Good acts done for the love of children become stories good for the ears of people from other bands; they become as coveted things, and are placed side by side with the stories of war achievements. – Nakota proverb

Planning Together

“It is not enough for a teacher to feel that he or she is a caring professional. The task is to communicate our caring to the student so that he or she feels cared about.” (Morse, 1994)

Growing Stronger

I have noticed that happy people are constantly evaluating themselves and unhap- py people are constantly evaluating others. (Dr. William Glasser)

Multicultural Connections

“This is what the Canadian experience is all about. To see if people who are differ- ent can live together and work together, to learn to regard diversity not with suspi- cion but as a cause for celebration.” (Justice Thomas Berger)

Comparative research from a number of countries suggests that differences in school success among minorities is not just because of culture and language differ- ences with the majority culture. Evidence suggests that if all students are treated alike, they are probably being denied equal educational opportunity.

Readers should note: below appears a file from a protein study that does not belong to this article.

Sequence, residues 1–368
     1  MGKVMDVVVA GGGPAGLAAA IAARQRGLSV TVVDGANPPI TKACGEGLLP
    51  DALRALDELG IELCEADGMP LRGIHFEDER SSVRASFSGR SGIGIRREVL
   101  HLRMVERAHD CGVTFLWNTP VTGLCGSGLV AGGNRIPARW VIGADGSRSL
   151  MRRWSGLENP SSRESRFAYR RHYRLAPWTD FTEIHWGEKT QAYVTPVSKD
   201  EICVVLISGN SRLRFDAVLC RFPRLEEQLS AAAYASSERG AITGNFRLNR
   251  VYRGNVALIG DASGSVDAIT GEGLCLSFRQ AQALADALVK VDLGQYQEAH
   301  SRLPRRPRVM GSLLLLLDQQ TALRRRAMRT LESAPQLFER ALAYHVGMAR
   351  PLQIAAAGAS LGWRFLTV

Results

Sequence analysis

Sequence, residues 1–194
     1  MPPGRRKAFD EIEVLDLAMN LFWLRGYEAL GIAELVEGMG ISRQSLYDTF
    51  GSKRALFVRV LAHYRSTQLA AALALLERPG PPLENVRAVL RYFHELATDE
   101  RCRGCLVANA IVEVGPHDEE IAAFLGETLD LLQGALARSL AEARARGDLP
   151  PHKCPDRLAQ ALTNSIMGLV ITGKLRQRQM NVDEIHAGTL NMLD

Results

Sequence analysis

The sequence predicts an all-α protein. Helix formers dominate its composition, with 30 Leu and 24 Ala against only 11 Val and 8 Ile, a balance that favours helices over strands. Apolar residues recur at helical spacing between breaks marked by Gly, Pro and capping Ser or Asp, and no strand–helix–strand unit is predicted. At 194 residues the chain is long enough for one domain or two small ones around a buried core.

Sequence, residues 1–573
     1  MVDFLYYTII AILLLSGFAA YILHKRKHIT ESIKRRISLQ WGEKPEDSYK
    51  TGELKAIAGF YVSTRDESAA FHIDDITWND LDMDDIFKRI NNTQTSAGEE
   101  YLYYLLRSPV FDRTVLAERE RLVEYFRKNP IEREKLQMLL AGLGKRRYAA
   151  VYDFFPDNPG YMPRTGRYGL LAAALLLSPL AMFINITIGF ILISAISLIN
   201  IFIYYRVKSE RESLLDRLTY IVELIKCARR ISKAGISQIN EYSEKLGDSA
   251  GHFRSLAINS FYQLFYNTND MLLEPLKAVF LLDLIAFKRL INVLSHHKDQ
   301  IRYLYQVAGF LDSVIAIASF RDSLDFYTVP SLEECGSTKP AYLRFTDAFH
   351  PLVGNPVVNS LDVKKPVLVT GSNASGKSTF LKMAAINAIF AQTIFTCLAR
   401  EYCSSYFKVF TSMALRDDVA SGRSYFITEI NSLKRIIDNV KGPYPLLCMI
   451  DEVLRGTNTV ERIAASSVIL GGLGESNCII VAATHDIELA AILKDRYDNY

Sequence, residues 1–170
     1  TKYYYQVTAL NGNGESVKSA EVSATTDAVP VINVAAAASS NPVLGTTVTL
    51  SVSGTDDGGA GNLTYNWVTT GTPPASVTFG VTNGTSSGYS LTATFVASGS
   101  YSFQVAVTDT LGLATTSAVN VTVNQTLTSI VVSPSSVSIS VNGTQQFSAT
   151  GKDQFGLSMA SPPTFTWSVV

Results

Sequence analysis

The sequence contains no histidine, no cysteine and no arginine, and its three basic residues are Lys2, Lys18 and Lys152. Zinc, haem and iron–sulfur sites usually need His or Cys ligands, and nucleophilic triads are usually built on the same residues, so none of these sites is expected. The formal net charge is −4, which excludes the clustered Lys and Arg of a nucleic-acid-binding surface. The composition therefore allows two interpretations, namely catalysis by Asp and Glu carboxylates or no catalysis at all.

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• A positive attitude toward multicultural diversity;

• Acceptance that there is more than one “right” way of looking at or doing things;

• A focus on commonalities and similarities as well as differences;

• Moving beyond awareness of differences to looking at attitudes about differences;

• An acknowledgment of bias and prejudice in self and others;

• Helping children to recognize racism and discrimination and work against them;

• Pervasive throughout the school curriculum and environment;

• Present all the time;

• Empowering, enriching and fun;

• Incorporates a variety of aspects of diverse cultures;

• A natural incorporation of all cultures in the school’s ethos;

• A depiction of cultures in an authentic and realistic manner;